Unsuccessful BS PCR - (Mar/08/2010 )
I have been trying to get my BS PCR work for sometime now but their seems to be some problem with the PCR. Here are the details of the experiment which i carry out:
1) Bisulfite conversion and subsequent clean up using Epitech Bisulfite kit (Qiagen). I am following exactly the same protocol as mentioned by Qiagen.
2) Quantitation of ssDNA using nanodrop. I generally get DNA concentration around 100ng/ul. ( i suppose i,m on right path till this step).
3) Next step is PCR:Amplicon size is about 900bp
Primers: 5' TATTATTTTGAGGAAGAGGGTTTT 3' (Forward) Tm: 49.9C
5' CAAAAAATAAAACTAAAATCATACA 3' (Reverse) Tm:55 C
PCR thermal profile:
94C for 5mins
PCR master Mix:
300ng of bisulfite treated DNA.
200uM each dNTP.
10pmols of each primer,
Ordinary Taq pol.
MgCl2 titration with final concentration ranging from 1.5mM to 3mM
At times,I have also added BSA or DMSO to enhance PCR.
I have tried several thermal profiles, but result is always the same....NO AMPLIFICATION. The primers used are already published and the researcher has mentioned use of Invitrogen AccuPrime Taq Pol. Am i not getting the results because of the ordinary Taq pol which I am using?
At this point, I really can't understand where am I going wrong.
Any suggestion as to what changes should I make would be appreciated.
I have done a fair bit of bisulphite sequencing over the last year or so... In my experience 900 bp is rather a large amplicon, especially if you are only just starting out with the technique, generally protocols suggest a maximum of 500 bp although I have heard of people amplifying as long as 2 kb. For an amplicon of your size I would suggest you increase the number of cycles to 45 or even better carry out a second round of PCR using nester primers in order to increase the probability of seeing your product.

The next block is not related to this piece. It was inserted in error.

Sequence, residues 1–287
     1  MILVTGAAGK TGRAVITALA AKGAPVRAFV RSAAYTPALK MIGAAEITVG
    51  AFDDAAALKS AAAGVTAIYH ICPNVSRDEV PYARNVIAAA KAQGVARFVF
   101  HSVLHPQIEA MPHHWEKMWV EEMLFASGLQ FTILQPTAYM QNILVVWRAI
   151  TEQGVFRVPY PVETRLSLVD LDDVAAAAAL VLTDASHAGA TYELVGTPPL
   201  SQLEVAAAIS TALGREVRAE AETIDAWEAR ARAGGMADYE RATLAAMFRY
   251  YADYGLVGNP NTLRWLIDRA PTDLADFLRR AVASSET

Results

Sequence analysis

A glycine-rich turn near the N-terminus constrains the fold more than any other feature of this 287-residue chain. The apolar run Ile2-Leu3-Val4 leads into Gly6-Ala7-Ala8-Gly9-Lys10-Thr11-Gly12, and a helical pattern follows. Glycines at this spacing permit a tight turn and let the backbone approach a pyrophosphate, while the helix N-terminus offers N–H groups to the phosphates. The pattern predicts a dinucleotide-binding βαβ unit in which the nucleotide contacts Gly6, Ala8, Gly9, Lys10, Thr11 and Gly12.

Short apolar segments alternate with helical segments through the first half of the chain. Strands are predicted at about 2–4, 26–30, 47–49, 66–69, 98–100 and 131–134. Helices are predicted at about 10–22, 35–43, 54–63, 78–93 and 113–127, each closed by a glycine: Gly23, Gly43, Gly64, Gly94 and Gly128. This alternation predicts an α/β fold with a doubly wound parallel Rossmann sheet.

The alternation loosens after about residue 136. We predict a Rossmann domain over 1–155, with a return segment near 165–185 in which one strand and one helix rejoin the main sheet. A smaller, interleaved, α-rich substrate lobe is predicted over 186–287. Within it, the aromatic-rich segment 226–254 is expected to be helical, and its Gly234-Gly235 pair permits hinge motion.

Finally, I would suggest that checking your DNA concentration on a spec after carrying out BS treatment is not very reliable. BS treatment is very harsh on genomic DNA and causes massive amounts of degradation therefore a lot of the DNA you detect by spec will be un-amplifiable anyway!
Hope that helps,
Just realised something else... DMSO should not really be necessary as it is normally used for GC rich templates which are entirely the opposite to what BS treatment produces! One more tip as well, consider putting a small amount of proof-reading polymerase in your reactions along with your standard taq, I find a mixture of Taq and Pfu in a ratio of 15:1 works nicely. Rumour has it extending at slightly lower temperatures (down to about 65) helps with amplification through AT rich templates as well.
I agree to jonny_boy: make your PCR shorter. 900 bp is quite a lot for a BS-PCR. Also try to design primer which have similar melting temps. A difference of more than 5 degC could have a negative influence on the PCR performance. Don't waste your DNA, 10 to 25 ng per PCR should be enough. Instead increase the number of cycles to 40 or 45.